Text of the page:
GOVERNMENT CHANGES IN KYRGYZSTAN.Bekbolot Talgarbekov, deputy prime minister in charge of agriculture, has been dismissed by presidential decree, an RFE/RL correspondent reported yesterday. For several months, Kyrgyz deputies had been demanding Talgarbekov's exclusion from any political post, citing "lax financial discipline." But President Akayev has appointed him head of the southern Jalal-Abad Oblast. Talgarbekov is replaced by Karimsher Abdimomunov, who until now filled the agriculture portfolio. Jumakadyr Akineyev, head of the State Statistical Committee, is the new agriculture minister.
 LARGER ROLE FOR UN IN TAJIKISTAN?UN special envoy to Tajikistan Gerd Merrem says there is a possibility that the UN will enlarge its contingent of military observers in Tajikistan and may even send UN peacekeeping troops there, Interfax reported. Merrem, who met with President Imomali Rakhmonov in Dushanbe yesterday, said those issues will be on the agenda at a UN meeting in June. Preliminary contacts have already been made with the command of the CIS peacekeeping force currently in Tajikistan, he said. The cease fire in Tajikistan has now held for four months.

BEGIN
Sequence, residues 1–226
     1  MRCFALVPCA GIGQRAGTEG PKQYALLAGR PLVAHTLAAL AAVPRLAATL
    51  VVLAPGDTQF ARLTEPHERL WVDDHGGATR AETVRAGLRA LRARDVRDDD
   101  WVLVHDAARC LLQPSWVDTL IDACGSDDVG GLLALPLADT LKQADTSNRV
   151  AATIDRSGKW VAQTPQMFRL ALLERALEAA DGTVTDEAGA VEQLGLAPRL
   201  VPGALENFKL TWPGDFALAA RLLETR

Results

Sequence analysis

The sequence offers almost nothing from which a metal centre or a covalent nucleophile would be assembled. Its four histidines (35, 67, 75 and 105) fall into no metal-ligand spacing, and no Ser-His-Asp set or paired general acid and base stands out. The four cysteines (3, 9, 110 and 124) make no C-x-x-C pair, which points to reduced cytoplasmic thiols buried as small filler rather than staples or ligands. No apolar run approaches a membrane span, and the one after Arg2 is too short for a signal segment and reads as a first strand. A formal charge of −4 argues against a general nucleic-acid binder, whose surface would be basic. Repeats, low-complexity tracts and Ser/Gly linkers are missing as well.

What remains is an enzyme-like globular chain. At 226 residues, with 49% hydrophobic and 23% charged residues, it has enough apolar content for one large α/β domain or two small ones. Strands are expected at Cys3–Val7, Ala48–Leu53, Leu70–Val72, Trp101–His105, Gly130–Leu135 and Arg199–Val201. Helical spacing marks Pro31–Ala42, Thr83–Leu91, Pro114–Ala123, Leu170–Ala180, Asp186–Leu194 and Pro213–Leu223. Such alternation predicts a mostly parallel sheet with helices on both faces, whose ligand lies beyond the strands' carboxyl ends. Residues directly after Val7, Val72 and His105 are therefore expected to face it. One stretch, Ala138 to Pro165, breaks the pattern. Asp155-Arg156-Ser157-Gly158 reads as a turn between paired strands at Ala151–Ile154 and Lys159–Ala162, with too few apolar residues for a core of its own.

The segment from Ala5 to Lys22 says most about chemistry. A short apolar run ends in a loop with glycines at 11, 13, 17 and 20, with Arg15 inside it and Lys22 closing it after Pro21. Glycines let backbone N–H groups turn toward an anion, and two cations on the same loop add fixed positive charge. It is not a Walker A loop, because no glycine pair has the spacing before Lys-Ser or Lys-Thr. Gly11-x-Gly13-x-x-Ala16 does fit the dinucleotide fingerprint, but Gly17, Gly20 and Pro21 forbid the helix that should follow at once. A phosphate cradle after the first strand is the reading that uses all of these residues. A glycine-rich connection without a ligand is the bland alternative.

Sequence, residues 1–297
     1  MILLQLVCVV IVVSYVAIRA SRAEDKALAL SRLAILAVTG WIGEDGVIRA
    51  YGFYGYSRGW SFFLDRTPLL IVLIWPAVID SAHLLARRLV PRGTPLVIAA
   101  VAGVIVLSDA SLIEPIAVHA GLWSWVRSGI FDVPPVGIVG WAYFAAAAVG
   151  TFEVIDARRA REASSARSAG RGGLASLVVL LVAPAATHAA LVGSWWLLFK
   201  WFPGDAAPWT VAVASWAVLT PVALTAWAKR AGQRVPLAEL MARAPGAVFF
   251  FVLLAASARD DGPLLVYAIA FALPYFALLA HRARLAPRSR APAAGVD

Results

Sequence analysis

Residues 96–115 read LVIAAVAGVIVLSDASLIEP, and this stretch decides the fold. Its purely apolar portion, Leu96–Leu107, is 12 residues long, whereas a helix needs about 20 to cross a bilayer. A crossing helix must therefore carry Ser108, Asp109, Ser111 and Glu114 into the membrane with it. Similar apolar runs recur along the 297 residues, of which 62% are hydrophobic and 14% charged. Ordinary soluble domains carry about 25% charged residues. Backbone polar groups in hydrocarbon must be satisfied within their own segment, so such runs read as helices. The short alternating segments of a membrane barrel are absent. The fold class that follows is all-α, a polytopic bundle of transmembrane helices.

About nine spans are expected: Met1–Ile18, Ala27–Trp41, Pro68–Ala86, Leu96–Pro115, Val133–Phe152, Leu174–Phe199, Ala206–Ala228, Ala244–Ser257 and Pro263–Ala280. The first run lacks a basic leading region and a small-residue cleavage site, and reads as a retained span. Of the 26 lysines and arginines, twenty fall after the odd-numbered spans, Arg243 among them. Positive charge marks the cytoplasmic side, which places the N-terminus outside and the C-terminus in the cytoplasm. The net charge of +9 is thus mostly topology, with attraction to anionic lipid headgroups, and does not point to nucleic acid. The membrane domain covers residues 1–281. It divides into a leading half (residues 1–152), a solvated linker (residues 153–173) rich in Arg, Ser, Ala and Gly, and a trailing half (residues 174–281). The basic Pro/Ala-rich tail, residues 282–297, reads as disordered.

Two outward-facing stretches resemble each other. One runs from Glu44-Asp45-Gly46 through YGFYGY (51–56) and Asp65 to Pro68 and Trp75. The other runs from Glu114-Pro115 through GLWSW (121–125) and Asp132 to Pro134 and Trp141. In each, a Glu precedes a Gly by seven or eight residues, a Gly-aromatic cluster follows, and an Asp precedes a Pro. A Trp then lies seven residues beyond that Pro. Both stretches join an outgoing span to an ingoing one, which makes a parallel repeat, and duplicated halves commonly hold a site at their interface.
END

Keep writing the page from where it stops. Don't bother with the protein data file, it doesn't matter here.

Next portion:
[B] SOUTHEASTERN EUROPE
 KOSTOV ON NEW BULGARIAN GOVERNMENT'S PROGRAM.Ivan Kostov, leader of the United Democratic Forces, which won the 19 April elections, says the new government's program will comply with agreements reached with international financial institutions earlier this year, RFE/RL's Sofia bureau reported. He said the cabinet will declare war on organized crime and corruption, strive for membership in the EU and NATO, and make possible access to communist secret police files of ministers and Supreme Court judges. Privatizing and restructuring the state sector, freeing prices, and providing an investor-friendly legal climate are also on the agenda, he said. Kostov added that he hoped the Socialists would join in the effort to stabilize the country, saying he believed a dialogue with them was "possible." He ruled out a referendum on the monarchy in the next few months.